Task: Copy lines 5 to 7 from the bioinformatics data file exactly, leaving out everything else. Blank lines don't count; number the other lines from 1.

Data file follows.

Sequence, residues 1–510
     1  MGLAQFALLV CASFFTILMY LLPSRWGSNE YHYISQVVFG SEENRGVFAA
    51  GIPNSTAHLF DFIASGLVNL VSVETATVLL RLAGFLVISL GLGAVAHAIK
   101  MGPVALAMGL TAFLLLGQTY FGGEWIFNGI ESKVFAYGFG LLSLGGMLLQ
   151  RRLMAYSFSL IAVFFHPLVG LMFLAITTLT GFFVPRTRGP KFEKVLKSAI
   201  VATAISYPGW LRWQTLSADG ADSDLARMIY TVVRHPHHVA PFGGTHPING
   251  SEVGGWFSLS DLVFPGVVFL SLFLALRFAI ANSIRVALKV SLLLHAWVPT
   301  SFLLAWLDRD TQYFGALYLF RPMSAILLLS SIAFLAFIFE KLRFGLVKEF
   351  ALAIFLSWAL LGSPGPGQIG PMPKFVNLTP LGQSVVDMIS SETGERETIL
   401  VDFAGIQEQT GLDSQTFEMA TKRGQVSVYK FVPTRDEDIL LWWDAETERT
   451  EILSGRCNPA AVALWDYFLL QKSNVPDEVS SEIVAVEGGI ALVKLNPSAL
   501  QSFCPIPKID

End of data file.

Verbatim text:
   151  RRLMAYSFSL IAVFFHPLVG LMFLAITTLT GFFVPRTRGP KFEKVLKSAI
   201  VATAISYPGW LRWQTLSADG ADSDLARMIY TVVRHPHHVA PFGGTHPING
   251  SEVGGWFSLS DLVFPGVVFL SLFLALRFAI ANSIRVALKV SLLLHAWVPT